Romance readers, do you like epilogues? Writers, do you like to write them? How do you choose when to write an epilogue?
I have never written an epilogue, however, I just drafted one for the upcoming reissue of BORROWING ALEX, and I think it will wrap up the story nicely. I also added a new scene to the last chapter. I’m not padding for word count. With digital publishing, there’s no reason to (not that I would regardless). The lovely thing about ebooks is that an author can write her story the length it needs to be, or wants to be, I guess. This is especially freeing if you’re, as I am, updating and editing/revising a book that was originally targeted to the category romance market.
While BORROWING ALEX was originally written for a long-defunct Harlequin romantic comedy line, the line shut down just as I was finishing the book. Another category romance romantic comedy line sprung up in its place, but the new line wanted less zany and quirky and more “heartwarming,” as the editor who rejected my manuscript explained. BORROWING ALEX simply did not fit what this major publisher was looking for anymore.
By this time, I had discovered my former ebook and print-on-demand trade paperback publisher, Amber Quill Press. The second edition of HEAD OVER HEELS (which was initially published by a publisher who wasn’t fond of paying authors due royalties), as well as the first edition of BORROWING ALEX, were published by AQP and I had a great editing experience there. However, I (as well as many other ebook authors) was a bit ahead of my time. Kindles and Nooks and iPads didn’t exist and the mass market paperback was still king. That’s my way of saying that the first edition of BORROWING ALEX “enjoyed” a very small audience. I’m looking forward to reaching a larger audience by self-publishing digital and trade paperback editions through my own Blue Orchard Books.
Ebooks have changed the ways readers read, and, to some extent, they have changed how writers write. We are more in tune with readers than ever before. We no longer have to rely on publishing houses to forward letters and emails. Readers can get in touch with us directly. That’s not to say that whatever a reader says goes. Authors are still the creators of our books. However, as the market changes and readers who might not have read a lot of category romance back when that was the only game in town (for a book of about 50,000 words) discover new-to-them authors, I find it interesting to hear what they have to say, in the form of reviews and social media. Often I’ll follow a link from Twitter or Facebook to a reader’s blog and a light bulb will go on.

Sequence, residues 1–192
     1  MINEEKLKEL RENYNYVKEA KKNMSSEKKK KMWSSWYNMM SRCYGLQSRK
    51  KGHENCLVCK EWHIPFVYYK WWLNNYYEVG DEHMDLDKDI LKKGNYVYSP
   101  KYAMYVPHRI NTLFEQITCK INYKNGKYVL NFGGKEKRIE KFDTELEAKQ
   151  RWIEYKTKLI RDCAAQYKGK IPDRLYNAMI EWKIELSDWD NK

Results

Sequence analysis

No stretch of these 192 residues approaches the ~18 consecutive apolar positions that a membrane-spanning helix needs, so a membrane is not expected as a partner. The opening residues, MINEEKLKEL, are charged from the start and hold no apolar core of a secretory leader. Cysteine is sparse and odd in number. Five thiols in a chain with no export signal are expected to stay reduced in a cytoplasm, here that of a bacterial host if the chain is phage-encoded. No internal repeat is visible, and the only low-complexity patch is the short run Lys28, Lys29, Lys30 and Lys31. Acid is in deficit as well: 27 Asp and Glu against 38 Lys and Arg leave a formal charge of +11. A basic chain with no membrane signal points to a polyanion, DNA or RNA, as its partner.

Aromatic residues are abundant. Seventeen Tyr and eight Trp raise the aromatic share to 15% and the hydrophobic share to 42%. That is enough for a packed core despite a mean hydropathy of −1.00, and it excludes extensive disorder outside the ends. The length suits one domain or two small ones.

Recently, I read the term “Insta-Love” on a blog to describe how rapidly romance heroes and heroines fall in love. Readers who might have never read print category romances at all find Insta-Love a little unbelievable. Neither do they necessarily believe that a book needs every single thread tied up neatly in the last scene. However, for those of us schooled in category romance by the biggest category publisher around, well, wrapping up threads was a very strong guideline. And stopping the story as soon as possible after the hero and heroine committed to each other was another. As was getting in a marriage proposal before the book ended. After all, romances are supposed to end on a positive note, and, in category romance, the marriage proposal is the ideal.
That began to change as the readership evolved even within category romance. However, as I said, I initially wrote and published BORROWING ALEX while these tropes were strongly encouraged. Now, going over the book for reissue, even though no one complained (to me, anyway, or in the form of reviews) that my characters were guilty of getting engaged too quickly, I can see that, all right, maybe, in some books, they can slow things down a bit.
And that’s what I’m doing with BORROWING ALEX. The story takes place in the span of five days, and, yes, the H/h do experience Insta-Love. But does that mean they need to experience Insta-Engagement?
I’m not saying where the engagement now occurs in BORROWING ALEX, although some of you might guess (and, no, I couldn’t bring myself to eliminate the engagement entirely and make Alex a Mr. Right Now, because that’s just not who he is). But once the light bulb blinked, “Hey, Cindy, you are allowed to write additional scenes if they forward the story,” and, “Hey, Dimbulb, guess what? An ebook can be longer than 45,000 words computer count and the editor won’t strangle you,” well, it’s opened up a whole new world for me as a writer. To continue to learn and grow and develop as a writer… That’s a good thing and something each of us should continually strive for.
P.P.S. If you want to be among the first to know when the second edition of BORROWING ALEX releases from Blue Orchard Books, sign up for my Newsletter.